Feb. 16 (UPI) -- All of the basic ingredients necessary for life can be found on the surface of Ceres, the dwarf planet found between the orbits of Mars and Jupiter. Now, new research suggests organic compounds found on Ceres are naturally occurring, born of geochemical processes hiding beneath Ceres' surface.
"This discovery of a locally high concentration of organics is intriguing, with broad implications for the astrobiology community," Simone Marchi, a senior research scientist at Southwest Research Institute, said in a news release. "Ceres has evidence of ammonia-bearing hydrated minerals, water ice, carbonates, salts, and now organic materials. With this new finding Dawn has shown that Ceres contains key ingredients for life."
Researchers used Dawn's visible and infrared mapping spectrometer to analyze the distribution of organics on Ceres. Though observations revealed a high concentration of organic matter near Ernutet, a large crater in Ceres' northern hemisphere, the overall distribution was not correlated with any one crater or depression. Scientists found organics spread across both young, fresh craters and old, degraded craters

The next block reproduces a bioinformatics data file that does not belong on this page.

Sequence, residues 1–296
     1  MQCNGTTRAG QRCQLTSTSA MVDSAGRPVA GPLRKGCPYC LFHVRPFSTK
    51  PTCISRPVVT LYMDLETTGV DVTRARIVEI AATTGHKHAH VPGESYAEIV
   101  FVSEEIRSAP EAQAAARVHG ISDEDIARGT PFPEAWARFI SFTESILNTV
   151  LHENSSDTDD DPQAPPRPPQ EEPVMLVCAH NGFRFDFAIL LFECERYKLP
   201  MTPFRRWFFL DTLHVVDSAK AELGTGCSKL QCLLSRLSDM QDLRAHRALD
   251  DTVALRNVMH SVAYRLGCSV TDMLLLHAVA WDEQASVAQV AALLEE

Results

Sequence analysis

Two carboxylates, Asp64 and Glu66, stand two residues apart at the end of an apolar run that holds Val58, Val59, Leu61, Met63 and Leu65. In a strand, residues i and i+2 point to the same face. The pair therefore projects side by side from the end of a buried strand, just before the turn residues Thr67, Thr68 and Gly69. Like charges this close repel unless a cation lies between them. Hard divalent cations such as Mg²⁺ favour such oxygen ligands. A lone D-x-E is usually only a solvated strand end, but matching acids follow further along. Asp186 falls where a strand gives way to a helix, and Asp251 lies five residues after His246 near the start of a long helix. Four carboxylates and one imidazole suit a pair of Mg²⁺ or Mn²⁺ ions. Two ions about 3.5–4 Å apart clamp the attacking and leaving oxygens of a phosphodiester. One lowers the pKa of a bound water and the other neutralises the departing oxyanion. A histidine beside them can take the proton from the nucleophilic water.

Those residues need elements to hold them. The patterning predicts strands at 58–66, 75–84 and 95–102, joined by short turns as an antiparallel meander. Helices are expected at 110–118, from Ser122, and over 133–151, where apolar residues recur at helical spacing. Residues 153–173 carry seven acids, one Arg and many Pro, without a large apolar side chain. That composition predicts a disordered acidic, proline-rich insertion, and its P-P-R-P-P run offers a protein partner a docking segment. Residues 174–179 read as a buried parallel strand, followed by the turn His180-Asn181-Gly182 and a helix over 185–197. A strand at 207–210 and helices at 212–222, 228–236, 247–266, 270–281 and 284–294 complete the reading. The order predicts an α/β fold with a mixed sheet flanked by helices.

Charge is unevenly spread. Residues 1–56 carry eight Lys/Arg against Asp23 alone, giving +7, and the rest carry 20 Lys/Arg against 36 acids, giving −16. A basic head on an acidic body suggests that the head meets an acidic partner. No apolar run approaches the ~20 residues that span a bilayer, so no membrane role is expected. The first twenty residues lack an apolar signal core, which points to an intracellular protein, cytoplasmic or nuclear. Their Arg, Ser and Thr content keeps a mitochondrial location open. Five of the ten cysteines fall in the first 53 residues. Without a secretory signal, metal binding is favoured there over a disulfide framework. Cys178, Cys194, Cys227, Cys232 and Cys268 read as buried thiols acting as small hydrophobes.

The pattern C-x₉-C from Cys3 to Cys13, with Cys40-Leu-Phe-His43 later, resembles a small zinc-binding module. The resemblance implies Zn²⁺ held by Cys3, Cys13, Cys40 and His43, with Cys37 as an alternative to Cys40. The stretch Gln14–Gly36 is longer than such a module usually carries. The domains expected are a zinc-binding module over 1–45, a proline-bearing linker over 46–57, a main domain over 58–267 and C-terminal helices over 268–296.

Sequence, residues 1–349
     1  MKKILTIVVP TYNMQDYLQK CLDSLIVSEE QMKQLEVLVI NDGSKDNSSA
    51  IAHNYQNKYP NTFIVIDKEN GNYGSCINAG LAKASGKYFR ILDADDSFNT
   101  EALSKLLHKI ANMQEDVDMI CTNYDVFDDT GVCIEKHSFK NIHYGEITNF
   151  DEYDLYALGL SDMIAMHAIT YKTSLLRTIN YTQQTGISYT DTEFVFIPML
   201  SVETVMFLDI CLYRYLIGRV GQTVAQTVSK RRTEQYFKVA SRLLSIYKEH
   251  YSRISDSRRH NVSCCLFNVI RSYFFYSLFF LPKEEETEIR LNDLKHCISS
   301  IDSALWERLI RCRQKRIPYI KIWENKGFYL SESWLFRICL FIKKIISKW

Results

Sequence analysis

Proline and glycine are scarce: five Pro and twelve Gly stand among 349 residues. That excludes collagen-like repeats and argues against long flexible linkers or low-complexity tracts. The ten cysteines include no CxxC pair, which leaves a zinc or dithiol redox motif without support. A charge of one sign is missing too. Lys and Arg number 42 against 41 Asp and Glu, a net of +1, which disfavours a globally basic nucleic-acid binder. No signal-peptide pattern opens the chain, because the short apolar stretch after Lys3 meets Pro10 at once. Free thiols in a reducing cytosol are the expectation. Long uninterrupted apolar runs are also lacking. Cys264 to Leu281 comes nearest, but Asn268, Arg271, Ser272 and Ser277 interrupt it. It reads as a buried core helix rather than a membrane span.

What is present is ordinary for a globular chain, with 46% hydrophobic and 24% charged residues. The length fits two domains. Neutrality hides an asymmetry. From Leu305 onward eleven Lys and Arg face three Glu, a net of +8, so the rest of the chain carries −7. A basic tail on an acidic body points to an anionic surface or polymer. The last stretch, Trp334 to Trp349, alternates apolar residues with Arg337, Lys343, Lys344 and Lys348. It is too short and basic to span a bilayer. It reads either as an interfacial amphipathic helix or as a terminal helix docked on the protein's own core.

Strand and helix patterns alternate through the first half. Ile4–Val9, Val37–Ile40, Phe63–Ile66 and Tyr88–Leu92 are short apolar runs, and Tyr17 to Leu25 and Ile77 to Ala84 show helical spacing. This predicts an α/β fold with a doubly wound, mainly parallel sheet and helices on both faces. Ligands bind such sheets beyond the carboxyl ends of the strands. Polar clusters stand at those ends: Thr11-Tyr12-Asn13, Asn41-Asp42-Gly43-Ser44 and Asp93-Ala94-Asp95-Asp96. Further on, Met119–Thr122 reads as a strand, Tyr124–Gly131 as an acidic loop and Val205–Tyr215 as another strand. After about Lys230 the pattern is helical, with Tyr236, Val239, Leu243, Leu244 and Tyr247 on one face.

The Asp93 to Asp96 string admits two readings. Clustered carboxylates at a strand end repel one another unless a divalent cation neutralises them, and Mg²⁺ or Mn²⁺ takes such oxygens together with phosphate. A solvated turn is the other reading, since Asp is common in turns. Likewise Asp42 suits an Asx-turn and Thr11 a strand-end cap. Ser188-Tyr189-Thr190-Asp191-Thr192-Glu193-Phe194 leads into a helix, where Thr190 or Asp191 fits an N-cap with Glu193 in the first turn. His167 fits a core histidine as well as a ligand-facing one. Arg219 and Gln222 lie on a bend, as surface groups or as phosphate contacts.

The findings -- detailed in the journal Science -- suggest impacts to Cere's surface may have revealed the dwarf planet's organic compounds, but they didn't supply them.
"The overall region is heavily cratered and appears to be ancient; however, the rims of Ernutet crater appear to be relatively fresh," Marchi explained. "The organic-rich areas include carbonate and ammoniated species, which are clearly Ceres' endogenous material, making it unlikely that the organics arrived via an external impactor."
Previous studies have highlighted significant hydrothermal activity on Ceres, lending credence to the hypothesis that the dwarf planet's organics are internally produced.